An atmospheric Western, almost a noir. Whilst watching it, I asked myself ‘is it still possible to watch Westerns today’? Here, ‘Indians’ are treated with more sympathy than usual. Honey Bragg (Ward Bond), with his lack of ethics and rampant desires, is the real villain of the piece. But we still see the natives as barbaric, anonymous, and vengefully mowing down beautiful blonde women with adorable babies. If one can put that to the side, and the film is unusual in giving the natives cause — this is a retaliation — or abstract it into symbolism that can stand for something else, Canyon Passage offers deep pleasures of composition and lighting, a world where the sublime natural beauty of Oregon’s mountains, forests and rivers is at the same time a shadowy backdrop to all-too human failings: doubt, desire, greed, want, weakness. Dana Andrews, looking like a sourer version of Mel Gibson in his youth, plays the hero, Logan Stuart. Lucy Overmire (Susan Hayward) is who he ends up with. Brian Donlevy plays George Camrose, the genial but morally weak friend who keeps getting the hero in trouble. I’d never seen Hoagy Carmichael in colour before and he looks unusually handsome warbling his tunes. A very blond Lloyd Bridges is surprisingly lithe and sexy as a moral anchor of dubious reliability. Patricia Roc is Susan Haward’s rival for Dana’s affections. They all play a game of ‘want vs should’ in beautiful world so wild and densely forested that even the light that manages to seep through is itself the source of a shadows. It’s a world filled with danger, death, and in which moral dilemmas get played out in turn by each of the protagonists in ways that shape their fate. ‘. This can now be seen in a glisteningly gorgeous print on MUBI.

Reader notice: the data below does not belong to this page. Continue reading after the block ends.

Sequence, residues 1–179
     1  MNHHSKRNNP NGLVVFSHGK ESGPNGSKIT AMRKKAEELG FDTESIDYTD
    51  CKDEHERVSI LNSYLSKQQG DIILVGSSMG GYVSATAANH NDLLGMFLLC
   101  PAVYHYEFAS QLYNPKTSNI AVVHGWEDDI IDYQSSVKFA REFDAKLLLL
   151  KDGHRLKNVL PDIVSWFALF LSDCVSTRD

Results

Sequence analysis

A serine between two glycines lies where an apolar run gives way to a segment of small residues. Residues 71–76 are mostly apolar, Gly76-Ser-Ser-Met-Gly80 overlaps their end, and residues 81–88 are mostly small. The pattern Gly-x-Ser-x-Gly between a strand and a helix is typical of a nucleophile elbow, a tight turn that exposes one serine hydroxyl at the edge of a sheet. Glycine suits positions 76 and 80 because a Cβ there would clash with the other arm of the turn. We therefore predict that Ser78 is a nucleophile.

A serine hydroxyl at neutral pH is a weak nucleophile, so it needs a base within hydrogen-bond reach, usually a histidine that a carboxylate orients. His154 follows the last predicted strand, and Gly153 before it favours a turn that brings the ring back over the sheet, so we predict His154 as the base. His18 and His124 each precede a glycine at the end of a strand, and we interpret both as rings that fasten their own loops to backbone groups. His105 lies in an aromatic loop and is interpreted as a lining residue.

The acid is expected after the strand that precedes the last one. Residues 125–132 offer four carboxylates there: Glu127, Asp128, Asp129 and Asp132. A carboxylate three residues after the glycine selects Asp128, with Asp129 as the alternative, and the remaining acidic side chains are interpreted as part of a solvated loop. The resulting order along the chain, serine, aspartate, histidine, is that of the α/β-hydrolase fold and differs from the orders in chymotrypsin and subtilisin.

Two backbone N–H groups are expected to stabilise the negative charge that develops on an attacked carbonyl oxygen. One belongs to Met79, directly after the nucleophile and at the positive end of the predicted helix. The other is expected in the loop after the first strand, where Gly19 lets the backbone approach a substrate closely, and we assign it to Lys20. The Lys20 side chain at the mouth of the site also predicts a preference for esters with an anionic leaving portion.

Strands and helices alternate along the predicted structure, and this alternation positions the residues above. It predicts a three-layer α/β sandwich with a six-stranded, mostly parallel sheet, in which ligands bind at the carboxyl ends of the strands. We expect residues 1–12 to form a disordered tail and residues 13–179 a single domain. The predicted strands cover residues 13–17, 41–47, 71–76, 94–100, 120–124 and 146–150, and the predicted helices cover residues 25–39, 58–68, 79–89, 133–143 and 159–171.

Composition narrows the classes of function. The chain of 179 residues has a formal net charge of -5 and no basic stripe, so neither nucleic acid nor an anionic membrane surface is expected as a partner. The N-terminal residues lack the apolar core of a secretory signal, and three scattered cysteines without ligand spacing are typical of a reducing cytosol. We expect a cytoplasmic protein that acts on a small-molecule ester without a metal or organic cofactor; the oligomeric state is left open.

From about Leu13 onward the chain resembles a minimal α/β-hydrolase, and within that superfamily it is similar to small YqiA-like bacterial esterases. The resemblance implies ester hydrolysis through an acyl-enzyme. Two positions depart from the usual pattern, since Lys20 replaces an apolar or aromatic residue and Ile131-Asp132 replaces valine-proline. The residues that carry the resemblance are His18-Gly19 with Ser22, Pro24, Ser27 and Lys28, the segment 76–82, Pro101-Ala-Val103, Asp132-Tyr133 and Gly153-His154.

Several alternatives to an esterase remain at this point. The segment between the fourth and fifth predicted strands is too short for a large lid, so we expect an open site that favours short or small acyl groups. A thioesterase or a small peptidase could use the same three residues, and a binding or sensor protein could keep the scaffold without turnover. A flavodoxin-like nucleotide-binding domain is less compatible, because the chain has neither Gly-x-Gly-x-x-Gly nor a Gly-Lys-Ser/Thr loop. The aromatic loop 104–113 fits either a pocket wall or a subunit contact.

One of the joys of watching Pre-Code films is the array of gay pansies on offer: Tyler Brooke, Franklin Pangborn, Eric Blore, Edward Everett Horton and many others. I’ve been watching a lot of Preston Sturges films recently and have been struck by how often characters coded as effeminate or homosexual figure in his work. In the first clip, which was adapted from one of Sturges’ Broadways plays, Child of Manhattan (1933), we see Tyler Brooke insisting that he is Dulcey Inc. and not *Madame* Dulcey! The character is funny and endearing but like so many homosexual characters then as now is linked to surfaces, appearances, fashion, the ‘feminine sphere’. In the second clip, Easy Living (1937), this time from afrom a screenplay by Sturges, we see Franklin Pangborn, an actor to appear in so many subsequent Sturges films, also selling women’s couture, this time to the Bull of Broadway. Lastly we see Brian Donlevy in The Great McGinty, Sturges’ first film as director, making fun of William Demarest for not ordering a manly enough drink. It’s interesting to note how there doesn’t seem to be much difference in the representation of the Brooke and Pangborn pansies even though one is pre-Code and one post. It is also interesting to note how in all of these films the poof is used to shore up the masculinity of the hero. Moreover, in the films adapted from or merely written by Sturges, the gay character is endearing (in the case of of Easy Living, perhaps aided by the personal understanding of director Mitchell Liesen). In the McGinty clip, Donlevy’s camping it up feels nasty and one is left uneasy: it feels mean, brutish and exactly like the type of bullying that is still so fresh a memory for many of us. This observation leaves me with some questions: what was Sturges preoccupation with homosexual men and can his work be considered homophobic? I don’t yet know.